Contemporary context: Commonwealth of Nations

The modern Commonwealth of Nations is a voluntary union of 53 independent sovereign states, all but two of them - Mozambique and Rwanda - claiming some past connection with the British Empire.

It is an international union of nations working together to promote a number of common values and goals, such as democracy, human rights, good governance, and the rule of law.

Beginnings

It originated with the 1931 Statute of Westminster, and its original members were the United Kingdom, Canada, Australia, New Zealand, South Africa, Newfoundland (which joined the Canadian Confederation in 1949) and the Irish Free State (which left the Commonwealth in 1949).

India, Pakistan and Ceylon (later Sri Lanka) joined the British Commonwealth – as it was then called - when they became independent in 1947.

London Declaration

The London Declaration of 1949 emphasized the Commonwealth's member states' independence from Britain by renaming it the Commonwealth of Nations and by recognising the British monarch's role only as Head of the Commonwealth.

This has allowed republics such as India and Pakistan, and countries with their own monarchies, to remain part of the Commonwealth without compromising their sovereignty.

British influence

Since the London Declaration the Commonwealth has grown through the decolonisation of the British Empire and, between 1957 and 1970, over 20 former Crown colonies joined the organisation as they gained their independence. 

Most of the Commonwealth countries, reflecting their British influence, have adopted a Westminster-style form of parliamentary government, with elected legislatures, often with an upper and lower chamber; multi-party democratic elections; and responsible government by ministries drawn from the majority party and accountable to the elected legislature and its opposition parties.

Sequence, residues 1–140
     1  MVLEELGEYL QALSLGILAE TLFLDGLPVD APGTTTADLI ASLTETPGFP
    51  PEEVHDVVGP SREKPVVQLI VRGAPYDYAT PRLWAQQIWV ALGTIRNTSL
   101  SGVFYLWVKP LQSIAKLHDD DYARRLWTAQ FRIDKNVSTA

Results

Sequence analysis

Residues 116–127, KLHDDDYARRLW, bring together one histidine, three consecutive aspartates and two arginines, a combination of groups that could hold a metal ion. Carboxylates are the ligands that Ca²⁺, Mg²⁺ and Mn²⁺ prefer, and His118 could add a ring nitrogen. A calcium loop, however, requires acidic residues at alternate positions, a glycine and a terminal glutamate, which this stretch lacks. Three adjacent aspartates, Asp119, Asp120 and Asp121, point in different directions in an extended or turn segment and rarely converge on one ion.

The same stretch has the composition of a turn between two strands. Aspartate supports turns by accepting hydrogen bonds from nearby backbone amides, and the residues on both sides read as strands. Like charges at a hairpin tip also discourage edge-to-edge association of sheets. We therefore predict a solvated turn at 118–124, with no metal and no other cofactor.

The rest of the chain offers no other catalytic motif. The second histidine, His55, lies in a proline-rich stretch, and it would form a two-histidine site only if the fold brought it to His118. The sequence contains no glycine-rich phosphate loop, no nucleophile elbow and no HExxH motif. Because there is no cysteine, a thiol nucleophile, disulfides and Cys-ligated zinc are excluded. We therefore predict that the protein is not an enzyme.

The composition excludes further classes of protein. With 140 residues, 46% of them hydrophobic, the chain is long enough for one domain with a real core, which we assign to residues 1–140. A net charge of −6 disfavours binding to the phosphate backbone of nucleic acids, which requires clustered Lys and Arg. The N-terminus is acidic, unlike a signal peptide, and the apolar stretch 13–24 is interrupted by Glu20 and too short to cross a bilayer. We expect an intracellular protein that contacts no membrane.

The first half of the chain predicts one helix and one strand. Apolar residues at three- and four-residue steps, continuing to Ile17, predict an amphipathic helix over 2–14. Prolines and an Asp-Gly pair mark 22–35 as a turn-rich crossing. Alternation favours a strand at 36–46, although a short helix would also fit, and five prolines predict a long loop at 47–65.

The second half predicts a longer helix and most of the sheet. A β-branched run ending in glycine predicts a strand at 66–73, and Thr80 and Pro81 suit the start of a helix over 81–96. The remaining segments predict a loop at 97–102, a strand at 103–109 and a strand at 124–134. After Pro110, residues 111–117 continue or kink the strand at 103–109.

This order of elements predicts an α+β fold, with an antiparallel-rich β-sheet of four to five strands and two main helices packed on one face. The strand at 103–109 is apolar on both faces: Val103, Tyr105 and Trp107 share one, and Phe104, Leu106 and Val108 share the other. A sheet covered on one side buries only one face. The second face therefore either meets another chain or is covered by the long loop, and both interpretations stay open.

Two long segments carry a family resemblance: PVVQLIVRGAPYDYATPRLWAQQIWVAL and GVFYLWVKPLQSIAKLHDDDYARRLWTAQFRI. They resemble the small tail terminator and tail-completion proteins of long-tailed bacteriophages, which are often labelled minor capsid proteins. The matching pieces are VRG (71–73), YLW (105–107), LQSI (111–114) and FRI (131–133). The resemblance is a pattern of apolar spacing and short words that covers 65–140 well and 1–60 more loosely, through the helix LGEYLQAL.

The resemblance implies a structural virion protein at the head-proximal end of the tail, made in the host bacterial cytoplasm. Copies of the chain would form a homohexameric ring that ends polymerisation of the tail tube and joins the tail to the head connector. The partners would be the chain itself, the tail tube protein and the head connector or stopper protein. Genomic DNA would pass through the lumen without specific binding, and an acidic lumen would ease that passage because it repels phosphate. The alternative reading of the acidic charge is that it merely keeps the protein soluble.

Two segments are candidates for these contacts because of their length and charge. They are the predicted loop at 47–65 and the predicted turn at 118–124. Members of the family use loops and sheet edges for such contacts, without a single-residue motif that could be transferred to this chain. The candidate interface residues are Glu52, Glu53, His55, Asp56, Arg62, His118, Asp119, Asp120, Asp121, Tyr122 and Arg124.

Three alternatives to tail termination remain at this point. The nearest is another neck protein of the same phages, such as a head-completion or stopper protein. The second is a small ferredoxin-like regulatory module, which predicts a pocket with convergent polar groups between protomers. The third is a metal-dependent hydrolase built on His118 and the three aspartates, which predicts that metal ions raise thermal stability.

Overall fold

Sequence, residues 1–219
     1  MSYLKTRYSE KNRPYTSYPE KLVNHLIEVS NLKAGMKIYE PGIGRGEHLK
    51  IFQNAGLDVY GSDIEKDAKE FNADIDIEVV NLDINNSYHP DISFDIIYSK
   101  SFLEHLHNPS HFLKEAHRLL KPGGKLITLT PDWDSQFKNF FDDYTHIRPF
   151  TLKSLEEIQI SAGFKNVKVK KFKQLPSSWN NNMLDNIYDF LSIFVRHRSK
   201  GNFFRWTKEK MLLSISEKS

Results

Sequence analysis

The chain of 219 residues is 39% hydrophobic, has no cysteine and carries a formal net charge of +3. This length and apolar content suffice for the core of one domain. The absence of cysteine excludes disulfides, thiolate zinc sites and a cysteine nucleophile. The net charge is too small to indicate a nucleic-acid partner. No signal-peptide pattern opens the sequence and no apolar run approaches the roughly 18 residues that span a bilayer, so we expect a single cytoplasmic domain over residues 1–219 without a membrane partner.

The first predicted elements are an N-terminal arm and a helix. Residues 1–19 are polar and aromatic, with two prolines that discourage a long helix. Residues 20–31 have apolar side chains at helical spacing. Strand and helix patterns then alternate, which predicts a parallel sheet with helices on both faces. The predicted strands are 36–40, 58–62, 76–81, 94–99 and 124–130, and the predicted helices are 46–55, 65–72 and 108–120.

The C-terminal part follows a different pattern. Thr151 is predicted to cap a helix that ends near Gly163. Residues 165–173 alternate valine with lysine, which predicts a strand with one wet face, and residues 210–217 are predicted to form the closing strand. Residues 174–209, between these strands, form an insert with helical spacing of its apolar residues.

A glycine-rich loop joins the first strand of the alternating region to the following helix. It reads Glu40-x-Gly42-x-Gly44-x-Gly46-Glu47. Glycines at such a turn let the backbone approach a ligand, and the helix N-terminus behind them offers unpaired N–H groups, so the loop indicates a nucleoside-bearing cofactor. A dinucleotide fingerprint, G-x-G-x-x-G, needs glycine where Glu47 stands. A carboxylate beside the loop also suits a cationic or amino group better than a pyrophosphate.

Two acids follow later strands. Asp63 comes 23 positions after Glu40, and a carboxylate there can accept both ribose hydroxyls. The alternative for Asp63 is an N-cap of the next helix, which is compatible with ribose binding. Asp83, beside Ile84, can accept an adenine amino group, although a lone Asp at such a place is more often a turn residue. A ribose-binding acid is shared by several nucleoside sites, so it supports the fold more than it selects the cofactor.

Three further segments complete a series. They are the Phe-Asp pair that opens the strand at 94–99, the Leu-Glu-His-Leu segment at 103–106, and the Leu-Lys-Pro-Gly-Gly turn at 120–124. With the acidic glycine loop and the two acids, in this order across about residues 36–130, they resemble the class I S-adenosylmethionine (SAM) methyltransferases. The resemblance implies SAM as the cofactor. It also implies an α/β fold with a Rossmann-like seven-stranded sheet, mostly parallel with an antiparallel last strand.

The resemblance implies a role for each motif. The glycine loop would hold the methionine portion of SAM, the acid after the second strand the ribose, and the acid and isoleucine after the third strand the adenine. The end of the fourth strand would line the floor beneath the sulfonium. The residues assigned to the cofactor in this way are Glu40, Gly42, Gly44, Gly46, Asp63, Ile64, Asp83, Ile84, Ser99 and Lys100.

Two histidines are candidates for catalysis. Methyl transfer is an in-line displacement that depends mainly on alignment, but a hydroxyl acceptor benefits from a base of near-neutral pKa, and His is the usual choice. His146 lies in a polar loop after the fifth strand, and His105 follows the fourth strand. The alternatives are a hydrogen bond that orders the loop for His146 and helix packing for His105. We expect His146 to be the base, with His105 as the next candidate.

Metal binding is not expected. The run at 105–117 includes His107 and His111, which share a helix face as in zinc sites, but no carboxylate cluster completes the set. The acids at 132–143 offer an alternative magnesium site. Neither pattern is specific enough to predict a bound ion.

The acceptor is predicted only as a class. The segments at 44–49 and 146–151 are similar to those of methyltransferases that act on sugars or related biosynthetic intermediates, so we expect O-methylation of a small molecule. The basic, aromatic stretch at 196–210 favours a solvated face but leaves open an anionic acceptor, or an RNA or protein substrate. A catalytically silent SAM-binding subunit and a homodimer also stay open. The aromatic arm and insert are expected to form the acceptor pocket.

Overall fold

Common values and co-operation

The values of the Commonwealth are reflected in the work of the Commonwealth Parliamentary Association (CPA), an organisation with branches in every Commonwealth nation.

The CPA aims to build co-operation and discussion between Commonwealth MPs and to promote good standards of parliamentary practice across the globe through frequent international conferences, workshops and meetings.

The Commonwealth of Nations, and the aspirations for parliamentary democracy and good governance promoted by the CPA, remain the most enduring and hopeful legacy of the disbanded British Empire.

Related information

Did you know?

The Commonwealth Parliamentary Association UK Branch (CPA UK) provides opportunities for UK parliamentarians to liaise with fellow parliamentarians across the Commonwealth.